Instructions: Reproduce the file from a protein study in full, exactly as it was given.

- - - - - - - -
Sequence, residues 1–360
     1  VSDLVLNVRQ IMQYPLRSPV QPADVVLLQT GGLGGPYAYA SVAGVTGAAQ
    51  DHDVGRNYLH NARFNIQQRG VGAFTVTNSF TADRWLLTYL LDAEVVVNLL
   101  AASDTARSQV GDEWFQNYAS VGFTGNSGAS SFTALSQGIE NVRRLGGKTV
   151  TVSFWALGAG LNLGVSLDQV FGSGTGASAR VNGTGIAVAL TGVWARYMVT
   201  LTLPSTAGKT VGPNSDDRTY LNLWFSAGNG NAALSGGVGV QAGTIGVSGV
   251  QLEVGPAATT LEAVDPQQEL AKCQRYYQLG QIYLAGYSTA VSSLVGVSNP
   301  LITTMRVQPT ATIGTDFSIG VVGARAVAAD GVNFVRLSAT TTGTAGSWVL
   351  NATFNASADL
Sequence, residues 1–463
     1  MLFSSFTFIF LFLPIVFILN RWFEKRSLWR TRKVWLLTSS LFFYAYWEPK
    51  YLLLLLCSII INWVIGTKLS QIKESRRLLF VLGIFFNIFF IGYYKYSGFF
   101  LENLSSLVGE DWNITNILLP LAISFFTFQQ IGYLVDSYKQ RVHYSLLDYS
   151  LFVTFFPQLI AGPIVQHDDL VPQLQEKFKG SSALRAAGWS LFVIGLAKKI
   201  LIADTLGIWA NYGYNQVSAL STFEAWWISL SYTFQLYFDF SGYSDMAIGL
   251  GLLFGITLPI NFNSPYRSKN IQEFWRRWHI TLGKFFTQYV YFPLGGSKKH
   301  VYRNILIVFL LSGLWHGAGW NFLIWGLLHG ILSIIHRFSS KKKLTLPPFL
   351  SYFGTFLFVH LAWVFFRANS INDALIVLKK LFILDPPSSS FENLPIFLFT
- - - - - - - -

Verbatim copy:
Sequence, residues 1–360
     1  VSDLVLNVRQ IMQYPLRSPV QPADVVLLQT GGLGGPYAYA SVAGVTGAAQ
    51  DHDVGRNYLH NARFNIQQRG VGAFTVTNSF TADRWLLTYL LDAEVVVNLL
   101  AASDTARSQV GDEWFQNYAS VGFTGNSGAS SFTALSQGIE NVRRLGGKTV
   151  TVSFWALGAG LNLGVSLDQV FGSGTGASAR VNGTGIAVAL TGVWARYMVT
   201  LTLPSTAGKT VGPNSDDRTY LNLWFSAGNG NAALSGGVGV QAGTIGVSGV
   251  QLEVGPAATT LEAVDPQQEL AKCQRYYQLG QIYLAGYSTA VSSLVGVSNP
   301  LITTMRVQPT ATIGTDFSIG VVGARAVAAD GVNFVRLSAT TTGTAGSWVL
   351  NATFNASADL
Sequence, residues 1–463
     1  MLFSSFTFIF LFLPIVFILN RWFEKRSLWR TRKVWLLTSS LFFYAYWEPK
    51  YLLLLLCSII INWVIGTKLS QIKESRRLLF VLGIFFNIFF IGYYKYSGFF
   101  LENLSSLVGE DWNITNILLP LAISFFTFQQ IGYLVDSYKQ RVHYSLLDYS
   151  LFVTFFPQLI AGPIVQHDDL VPQLQEKFKG SSALRAAGWS LFVIGLAKKI
   201  LIADTLGIWA NYGYNQVSAL STFEAWWISL SYTFQLYFDF SGYSDMAIGL
   251  GLLFGITLPI NFNSPYRSKN IQEFWRRWHI TLGKFFTQYV YFPLGGSKKH
   301  VYRNILIVFL LSGLWHGAGW NFLIWGLLHG ILSIIHRFSS KKKLTLPPFL
   351  SYFGTFLFVH LAWVFFRANS INDALIVLKK LFILDPPSSS FENLPIFLFT